Institute of Meteorology and Climate Research

First manuscript about the Portable Ice Nucleation Chamber PINE is published

The first study about the operation and application of our new mobile ice nucleation chamber PINE is accepted for publication in the journal „Atmospheric Measurement Techniques“.
pic_PINE_group
Developer team from KIT, University of Leeds and Bilfinger Noell GmbH deliverung the first commercial version of the PINE instrument.

The manuscript submitted to “Atmospheric Measurement Techniques” is finally accepted for publication. In this study, we introduce our new mobile cloud chamber “PINE” and demonstrate its working principle in a set of laboratory and field studies. Being capable of operating continuously and in an automated way, the instrument is one of the first cloud chambers applicable for long-term monitoring of INP concentrations.

PINE was developed in cooperation with the group of Prof. Dr. Benjamin Murray from University of Leeds, and Bilfinger Noell GmbH, under the framework of a technology transfer project from KIT.

Möhler et al. (2020), The portable ice nucleation experiment PINE: a new online instrument for laboratory studies and automated long-term field observations of ice-nucleating particles, Atmos. Meas. Tech., https://doi.org/10.5194/amt-2020-307
https://amt.copernicus.org/preprints/amt-2020-307/

Abstract: Atmospheric  ice-nucleating particles (INP) play an important role in determining the phase of clouds, which affects their albedo and lifetime. A lack of data on the spatial and temporal variation of INPs around the globe limits our predictive capacity and understanding of clouds containing ice. Automated instrumentation that can robustly measure INP concentrations across the full range of tropospheric temperatures is needed in order to address this knowledge gap. In this study, we demonstrate the functionality and capacity of the new Portable Ice Nucleation Experiment (PINE) to study ice nucleation processes and to measure INP concentrations under conditions pertinent for mixed-phase clouds, with temperatures from about −10 °C to about −38 °C. PINE is a cloud expansion chamber which avoids frost formation on the cold walls, and thereby omits frost fragmentation and related background ice signals during the operation. The development, working principle, and treatment of data for the PINE instrument is discussed in detail. We present extensive laboratory based tests where PINE measurements were compared with those from the established AIDA (Aerosol Interaction and Dynamics in the Atmosphere) cloud chamber. The results show good agreement of PINE with AIDA for homogeneous freezing of pure water droplets and the immersion freezing activity of mineral aerosols. Results from a first field campaign conducted at the Atmospheric Radiation Measurement (ARM) Southern Great Plains (SGP) observatory in Oklahoma, USA, from October 1 to November 14, 2019 with the latest PINE design (a commercially available PINE chamber) are also shown, demonstrating PINE’s ability to make automated field measurements of INP concentrations at high time resolution of about 8 minutes with continuous wall temperature scans between −5 and −35 °C. During this field campaign, PINE was continuously operated for 45 days in a fully automated and semi-autonomous way, demonstrating the capability of this new instrument to be also used for longer term field measurements and INP monitoring activities in observatories.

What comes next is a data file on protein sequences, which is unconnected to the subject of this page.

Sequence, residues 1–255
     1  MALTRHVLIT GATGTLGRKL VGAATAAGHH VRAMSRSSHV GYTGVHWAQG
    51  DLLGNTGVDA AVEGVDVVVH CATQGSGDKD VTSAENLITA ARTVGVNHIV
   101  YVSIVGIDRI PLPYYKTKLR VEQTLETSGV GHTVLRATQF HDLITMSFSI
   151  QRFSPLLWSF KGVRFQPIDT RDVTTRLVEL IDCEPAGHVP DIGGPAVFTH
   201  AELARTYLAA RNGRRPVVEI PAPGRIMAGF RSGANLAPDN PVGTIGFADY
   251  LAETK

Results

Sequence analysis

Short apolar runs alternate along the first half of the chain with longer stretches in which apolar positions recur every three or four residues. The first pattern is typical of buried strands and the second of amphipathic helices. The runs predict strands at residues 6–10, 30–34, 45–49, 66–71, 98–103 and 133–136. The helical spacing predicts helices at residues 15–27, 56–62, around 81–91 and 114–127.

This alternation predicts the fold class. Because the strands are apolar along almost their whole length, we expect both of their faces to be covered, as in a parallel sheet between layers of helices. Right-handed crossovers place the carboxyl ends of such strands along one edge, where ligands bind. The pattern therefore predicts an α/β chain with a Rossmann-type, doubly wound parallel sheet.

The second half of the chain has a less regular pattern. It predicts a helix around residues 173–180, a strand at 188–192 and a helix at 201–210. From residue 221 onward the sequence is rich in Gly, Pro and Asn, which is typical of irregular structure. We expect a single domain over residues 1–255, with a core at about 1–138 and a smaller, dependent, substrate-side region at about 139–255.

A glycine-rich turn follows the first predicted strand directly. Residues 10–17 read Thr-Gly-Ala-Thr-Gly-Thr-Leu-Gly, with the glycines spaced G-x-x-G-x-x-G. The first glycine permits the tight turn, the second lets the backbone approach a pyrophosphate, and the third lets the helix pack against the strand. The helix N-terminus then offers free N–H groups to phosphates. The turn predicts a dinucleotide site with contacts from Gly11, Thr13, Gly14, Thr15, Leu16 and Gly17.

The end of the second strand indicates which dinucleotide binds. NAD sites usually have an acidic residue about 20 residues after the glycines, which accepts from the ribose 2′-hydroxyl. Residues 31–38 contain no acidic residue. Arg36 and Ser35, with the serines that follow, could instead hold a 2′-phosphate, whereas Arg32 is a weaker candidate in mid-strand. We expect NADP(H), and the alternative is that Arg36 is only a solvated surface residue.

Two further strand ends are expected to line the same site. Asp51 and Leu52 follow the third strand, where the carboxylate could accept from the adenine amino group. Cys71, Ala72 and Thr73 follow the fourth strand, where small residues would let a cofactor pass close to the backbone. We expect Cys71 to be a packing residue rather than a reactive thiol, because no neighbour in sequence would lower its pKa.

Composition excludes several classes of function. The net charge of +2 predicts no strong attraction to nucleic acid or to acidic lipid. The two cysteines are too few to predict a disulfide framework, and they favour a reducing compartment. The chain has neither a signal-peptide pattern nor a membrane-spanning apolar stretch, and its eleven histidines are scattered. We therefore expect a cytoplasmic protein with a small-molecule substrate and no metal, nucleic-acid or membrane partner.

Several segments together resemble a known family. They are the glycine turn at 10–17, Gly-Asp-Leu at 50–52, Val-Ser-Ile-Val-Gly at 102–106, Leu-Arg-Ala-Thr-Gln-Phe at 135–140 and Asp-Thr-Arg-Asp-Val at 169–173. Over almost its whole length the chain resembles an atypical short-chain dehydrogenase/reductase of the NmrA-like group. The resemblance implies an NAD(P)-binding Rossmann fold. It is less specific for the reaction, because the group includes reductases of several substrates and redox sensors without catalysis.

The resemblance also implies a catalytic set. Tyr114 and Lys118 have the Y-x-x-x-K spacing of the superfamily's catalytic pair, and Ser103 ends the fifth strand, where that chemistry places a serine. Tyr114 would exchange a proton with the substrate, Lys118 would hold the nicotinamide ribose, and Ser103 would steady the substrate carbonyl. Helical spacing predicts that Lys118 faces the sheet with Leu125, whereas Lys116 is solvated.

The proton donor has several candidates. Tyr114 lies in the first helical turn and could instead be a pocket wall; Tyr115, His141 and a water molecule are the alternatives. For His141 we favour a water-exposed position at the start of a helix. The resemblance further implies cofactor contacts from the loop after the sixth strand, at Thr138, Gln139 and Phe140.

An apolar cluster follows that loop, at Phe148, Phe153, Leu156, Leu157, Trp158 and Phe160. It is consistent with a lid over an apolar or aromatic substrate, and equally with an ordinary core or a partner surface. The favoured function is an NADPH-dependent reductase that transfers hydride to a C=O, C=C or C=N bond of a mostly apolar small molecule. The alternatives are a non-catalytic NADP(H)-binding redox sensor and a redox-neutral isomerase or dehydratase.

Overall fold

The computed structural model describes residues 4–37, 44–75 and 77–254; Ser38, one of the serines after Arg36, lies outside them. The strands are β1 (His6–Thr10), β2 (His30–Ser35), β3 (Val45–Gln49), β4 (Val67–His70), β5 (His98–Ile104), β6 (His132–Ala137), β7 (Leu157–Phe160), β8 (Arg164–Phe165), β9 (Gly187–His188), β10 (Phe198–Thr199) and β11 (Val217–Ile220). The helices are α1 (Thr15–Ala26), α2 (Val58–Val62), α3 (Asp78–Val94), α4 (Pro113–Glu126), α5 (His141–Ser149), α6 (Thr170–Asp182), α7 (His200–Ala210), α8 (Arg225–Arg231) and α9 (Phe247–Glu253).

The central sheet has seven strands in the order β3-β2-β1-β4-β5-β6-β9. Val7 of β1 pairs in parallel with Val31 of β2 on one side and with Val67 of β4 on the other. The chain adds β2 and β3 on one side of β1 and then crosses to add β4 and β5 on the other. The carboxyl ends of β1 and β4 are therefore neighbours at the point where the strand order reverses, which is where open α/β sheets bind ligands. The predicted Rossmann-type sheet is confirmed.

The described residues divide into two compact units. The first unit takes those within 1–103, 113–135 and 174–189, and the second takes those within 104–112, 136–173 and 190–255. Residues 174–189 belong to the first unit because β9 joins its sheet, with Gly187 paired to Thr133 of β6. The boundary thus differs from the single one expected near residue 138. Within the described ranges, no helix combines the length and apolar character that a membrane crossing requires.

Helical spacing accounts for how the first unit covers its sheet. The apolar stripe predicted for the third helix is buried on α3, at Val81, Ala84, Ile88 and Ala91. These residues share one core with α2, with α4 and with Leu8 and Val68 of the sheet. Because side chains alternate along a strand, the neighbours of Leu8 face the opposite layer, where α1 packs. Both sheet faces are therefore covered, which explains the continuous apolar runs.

The instrument is commercially available from Bilfinger Noell GmbH. More information can be found at  https://www.noell.bilfinger.com/pine/#c167514

Contact and further information

Dr. Ottmar Möhler